Research at continental rifts, mid-ocean ridges, and transforms has shown that new plates are created by extensional tectonics, magma intrusion, and volcanism. Studies of a wide variety of extensional processes ranging from plate thinning to magma intrusion have helped scientists understand how continents are broken apart to form ocean basins. However, deformation processes vary significantly during the development of continental rifts and mid-ocean ridges. In addition, ocean ridges are offset along their length by major transform faults, the initiation of which is poorly understood. Data documenting active processes have proven difficult to obtain because most ridges are submerged with only rare portions of the divergent plate boundary being exposed on land. Therefore our current knowledge about the length and time scales of magmatism and faulting during rift evolution as well as the mechanisms of initial development of mid-ocean ridges and transforms is limited. In this themed issue we present contributions that document the wide variety of processes acting at divergent plate boundaries and transforms in order to synthesize some of the most relevant research topics about plate extension and to identify the important questions that remain unanswered.


Understanding extension of the continents and plate spreading in the oceans is an essential step toward improving our knowledge of global plate tectonics. Central to this problem is the link between lithospheric thinning and magmatic intrusion, and how these processes manifest during continental rifting and plate spreading. Continental extension in rifts thins the lithosphere and can ultimately lead to its breakup. Once breakup has occurred, plate spreading at mid-ocean ridges creates new igneous oceanic crust, accounting for more than half of the crust on Earth. As plates diverge the underlying asthenospheric mantle upwells and melts due to decompression. The buoyant magma migrates upward, intruding the plate and erupting to the surface. In the continents, magma intrusion supplements the mechanical extension that is occurring by faulting and by ductile stretching and thinning (Ebinger and Casey, 2001). Magma intrusions thermally weaken the plate (Daniels et al., 2014), while magma overpressure alters the stress field, facilitating extension at relatively low forces (Bialas et al., 2010). At most mid-ocean ridges, magma intrusions accommodate the majority of extension (Delaney et al., 1998; Sigmundsson, 2006; Wright et al., 2012); however, mechanical faulting remains an important process in oceanic rifts with limited rates of extension (Dick et al., 2003).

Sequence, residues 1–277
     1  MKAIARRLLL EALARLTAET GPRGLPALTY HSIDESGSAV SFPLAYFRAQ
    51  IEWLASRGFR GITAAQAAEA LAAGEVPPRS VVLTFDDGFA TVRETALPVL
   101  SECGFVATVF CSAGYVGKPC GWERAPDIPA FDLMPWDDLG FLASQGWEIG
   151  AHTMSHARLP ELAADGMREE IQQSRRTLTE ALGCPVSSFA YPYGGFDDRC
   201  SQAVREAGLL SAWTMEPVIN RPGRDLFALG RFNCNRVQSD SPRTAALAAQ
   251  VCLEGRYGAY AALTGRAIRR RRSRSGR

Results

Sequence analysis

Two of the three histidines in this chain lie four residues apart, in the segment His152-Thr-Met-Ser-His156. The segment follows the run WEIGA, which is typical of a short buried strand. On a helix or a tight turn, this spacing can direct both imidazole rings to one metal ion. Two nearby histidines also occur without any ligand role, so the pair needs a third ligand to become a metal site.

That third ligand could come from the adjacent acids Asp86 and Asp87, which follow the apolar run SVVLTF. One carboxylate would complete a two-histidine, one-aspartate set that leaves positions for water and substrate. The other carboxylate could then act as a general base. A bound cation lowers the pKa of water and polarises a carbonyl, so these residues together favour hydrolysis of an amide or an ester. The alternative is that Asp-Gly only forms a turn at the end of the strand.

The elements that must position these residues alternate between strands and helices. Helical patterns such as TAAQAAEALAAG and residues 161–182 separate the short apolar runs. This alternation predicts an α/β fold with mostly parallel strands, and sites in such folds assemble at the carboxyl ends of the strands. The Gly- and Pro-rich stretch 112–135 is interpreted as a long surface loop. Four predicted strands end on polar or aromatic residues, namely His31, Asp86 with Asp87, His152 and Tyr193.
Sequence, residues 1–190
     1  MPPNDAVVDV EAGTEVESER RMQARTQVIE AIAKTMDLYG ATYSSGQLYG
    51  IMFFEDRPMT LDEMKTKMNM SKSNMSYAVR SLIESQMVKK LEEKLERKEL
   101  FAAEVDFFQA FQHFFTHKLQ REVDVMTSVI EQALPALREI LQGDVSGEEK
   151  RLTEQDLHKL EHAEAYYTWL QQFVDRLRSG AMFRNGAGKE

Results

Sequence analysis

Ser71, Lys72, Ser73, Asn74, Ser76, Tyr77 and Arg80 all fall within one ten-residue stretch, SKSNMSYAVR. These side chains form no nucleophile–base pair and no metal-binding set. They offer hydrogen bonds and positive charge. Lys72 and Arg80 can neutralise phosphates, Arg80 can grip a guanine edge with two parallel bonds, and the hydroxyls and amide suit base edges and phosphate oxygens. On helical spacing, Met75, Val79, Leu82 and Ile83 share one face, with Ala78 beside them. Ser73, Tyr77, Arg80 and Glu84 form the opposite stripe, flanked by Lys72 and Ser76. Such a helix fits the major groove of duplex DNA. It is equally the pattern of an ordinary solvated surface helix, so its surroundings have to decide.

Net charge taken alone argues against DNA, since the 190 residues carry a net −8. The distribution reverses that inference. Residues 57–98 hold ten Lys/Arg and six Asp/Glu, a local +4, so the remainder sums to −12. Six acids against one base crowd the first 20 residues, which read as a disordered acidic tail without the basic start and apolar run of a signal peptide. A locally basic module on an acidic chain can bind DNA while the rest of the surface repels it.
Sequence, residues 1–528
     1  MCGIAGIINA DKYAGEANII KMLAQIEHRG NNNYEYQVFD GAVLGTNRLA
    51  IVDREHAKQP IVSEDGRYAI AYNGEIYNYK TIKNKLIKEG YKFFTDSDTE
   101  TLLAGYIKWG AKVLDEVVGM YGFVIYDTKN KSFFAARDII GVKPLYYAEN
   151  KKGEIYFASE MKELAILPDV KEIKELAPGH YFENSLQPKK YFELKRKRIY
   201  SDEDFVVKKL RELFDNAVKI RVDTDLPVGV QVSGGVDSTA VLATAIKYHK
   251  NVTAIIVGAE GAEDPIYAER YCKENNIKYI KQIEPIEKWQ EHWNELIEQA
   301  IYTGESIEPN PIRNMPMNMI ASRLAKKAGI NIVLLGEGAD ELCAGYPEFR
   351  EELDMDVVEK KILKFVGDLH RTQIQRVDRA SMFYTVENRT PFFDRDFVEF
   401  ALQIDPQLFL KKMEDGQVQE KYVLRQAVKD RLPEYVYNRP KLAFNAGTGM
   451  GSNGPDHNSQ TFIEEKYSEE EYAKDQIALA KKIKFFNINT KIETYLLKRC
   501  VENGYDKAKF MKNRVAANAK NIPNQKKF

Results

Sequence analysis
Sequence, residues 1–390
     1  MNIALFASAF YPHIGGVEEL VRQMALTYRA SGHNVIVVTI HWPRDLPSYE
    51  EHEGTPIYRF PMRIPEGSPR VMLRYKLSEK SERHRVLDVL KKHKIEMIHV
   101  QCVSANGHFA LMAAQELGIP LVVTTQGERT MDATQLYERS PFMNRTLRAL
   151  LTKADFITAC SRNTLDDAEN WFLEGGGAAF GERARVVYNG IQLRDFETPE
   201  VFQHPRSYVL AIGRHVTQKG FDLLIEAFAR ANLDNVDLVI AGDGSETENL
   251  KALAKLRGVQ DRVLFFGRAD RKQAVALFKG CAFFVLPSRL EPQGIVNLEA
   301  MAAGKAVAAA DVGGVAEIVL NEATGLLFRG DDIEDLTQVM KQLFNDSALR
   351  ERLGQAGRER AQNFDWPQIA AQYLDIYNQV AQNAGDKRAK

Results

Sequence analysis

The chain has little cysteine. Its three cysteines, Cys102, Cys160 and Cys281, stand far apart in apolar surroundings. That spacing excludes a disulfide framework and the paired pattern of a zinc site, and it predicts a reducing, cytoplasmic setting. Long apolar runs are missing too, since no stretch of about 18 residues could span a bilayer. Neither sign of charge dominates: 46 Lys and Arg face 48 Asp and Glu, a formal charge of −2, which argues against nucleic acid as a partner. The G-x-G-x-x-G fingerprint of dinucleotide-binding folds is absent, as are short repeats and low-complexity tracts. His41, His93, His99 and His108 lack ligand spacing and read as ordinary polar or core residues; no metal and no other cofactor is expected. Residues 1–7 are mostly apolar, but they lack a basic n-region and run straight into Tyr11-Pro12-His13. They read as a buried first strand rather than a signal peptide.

Eruptive centers along ridges form the longest continuous chain of volcanoes on our planet (Sandwell et al., 2014). Knowledge of fundamental processes such as melt production in the mantle, melt migration and ponding in the lithosphere, and melt injection into the upper crust is necessary to understand the formation of volcanoes. Equally, extension causes the crust to fracture, commonly forming fault-bounded grabens. The variability in the amount of brittle failure has important implications for the development of the surface morphology of divergent plate boundaries. These are divided along their length into segments at a number of scales, but the controls on initiation and maintenance of along-axis segmentation are controversial. In particular, it remains unclear how the fault-controlled rift segmentation in the continents transitions to magma-driven segmentation at ocean ridges. It is unclear how, and at what stage during the breakup process, transform zones form.

This themed issue presents articles that provide new insights into the processes occurring at continental rifts, seafloor spreading centers, and transforms. The studies addressing the key issues presented here span a broad spectrum of disciplines from tectonics and deformation to geophysics and geochemistry. The papers in this themed issue encompass a wide breadth of tectonic settings that will appeal to a wide audience of Earth scientists.


Continental Rifting